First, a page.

“There’s been a pretty broad consensus around the importance of discovery, around science, around the economic impact for the country, and jobs and R&D,” he said. “In general, they were under-invested in for quite a while, and things have changed in a very bipartisan manner. The President signing all-time high support budgets for discovery has been wonderful for the sector, in terms of funding… I think this broad area of DOE and the national labs have been certainly at the high end of the additional support, and our budgets have been passed by wide bipartisan support and signed by the President.”

Part of that bipartisanship is tied, of course, to support for U.S. economic and military competitiveness, which relates directly to the country’s technological standing vis a vis Europe, Japan and, in particular, China. Yet Dabbar discouraged the notion that the U.S. is in “a race to exascale.”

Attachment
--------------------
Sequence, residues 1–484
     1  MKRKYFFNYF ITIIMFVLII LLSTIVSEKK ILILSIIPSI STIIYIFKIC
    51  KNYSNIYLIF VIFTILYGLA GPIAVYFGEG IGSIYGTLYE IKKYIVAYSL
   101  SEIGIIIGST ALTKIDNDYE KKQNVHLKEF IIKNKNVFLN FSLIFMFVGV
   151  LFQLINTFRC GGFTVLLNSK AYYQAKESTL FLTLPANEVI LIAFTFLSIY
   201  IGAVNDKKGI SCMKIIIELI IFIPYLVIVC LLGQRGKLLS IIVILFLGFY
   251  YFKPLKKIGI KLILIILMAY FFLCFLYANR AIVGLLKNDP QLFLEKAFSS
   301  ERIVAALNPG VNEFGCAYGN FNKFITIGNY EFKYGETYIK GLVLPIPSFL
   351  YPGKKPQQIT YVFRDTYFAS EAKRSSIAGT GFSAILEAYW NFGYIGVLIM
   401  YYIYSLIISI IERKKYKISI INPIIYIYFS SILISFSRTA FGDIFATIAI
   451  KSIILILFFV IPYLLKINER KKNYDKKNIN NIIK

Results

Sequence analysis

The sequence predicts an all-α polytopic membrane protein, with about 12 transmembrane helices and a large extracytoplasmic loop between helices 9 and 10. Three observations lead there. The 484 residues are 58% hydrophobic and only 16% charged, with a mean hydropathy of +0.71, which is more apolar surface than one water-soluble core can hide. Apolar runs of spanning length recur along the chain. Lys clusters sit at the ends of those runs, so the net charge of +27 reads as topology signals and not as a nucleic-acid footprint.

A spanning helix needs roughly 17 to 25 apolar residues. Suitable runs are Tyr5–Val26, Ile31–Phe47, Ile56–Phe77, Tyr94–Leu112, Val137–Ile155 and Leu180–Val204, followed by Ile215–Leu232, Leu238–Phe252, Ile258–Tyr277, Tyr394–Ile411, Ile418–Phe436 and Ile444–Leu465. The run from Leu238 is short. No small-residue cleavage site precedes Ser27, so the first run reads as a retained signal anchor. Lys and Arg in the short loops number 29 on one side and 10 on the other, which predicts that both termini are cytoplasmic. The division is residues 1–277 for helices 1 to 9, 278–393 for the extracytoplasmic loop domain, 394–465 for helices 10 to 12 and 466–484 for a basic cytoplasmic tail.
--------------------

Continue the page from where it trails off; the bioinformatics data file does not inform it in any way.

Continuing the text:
“We don’t really focus on the specifics of what is going to be deployed first and when in the world,” he said. “I don’t focus on that data. And certainly, we congratulated Riken and the Japanese for their accomplishment (Fugaku, the current top-ranked supercomputer), and we obviously work significantly with Japan on all sorts of things in the sciences…

“What we focus on is what we think we can achieve in terms of (compute) performance and the impact that performance can have on discovery,” said Dabbar. “We know, in general, the computing sector in the US and microelectronics chips, the US leads the world. So we should be number one. And if we’re not, we’re not putting the right focus by DOE and the federal government. Because our community, the private sector and academia, is driving microelectronics and architectures.”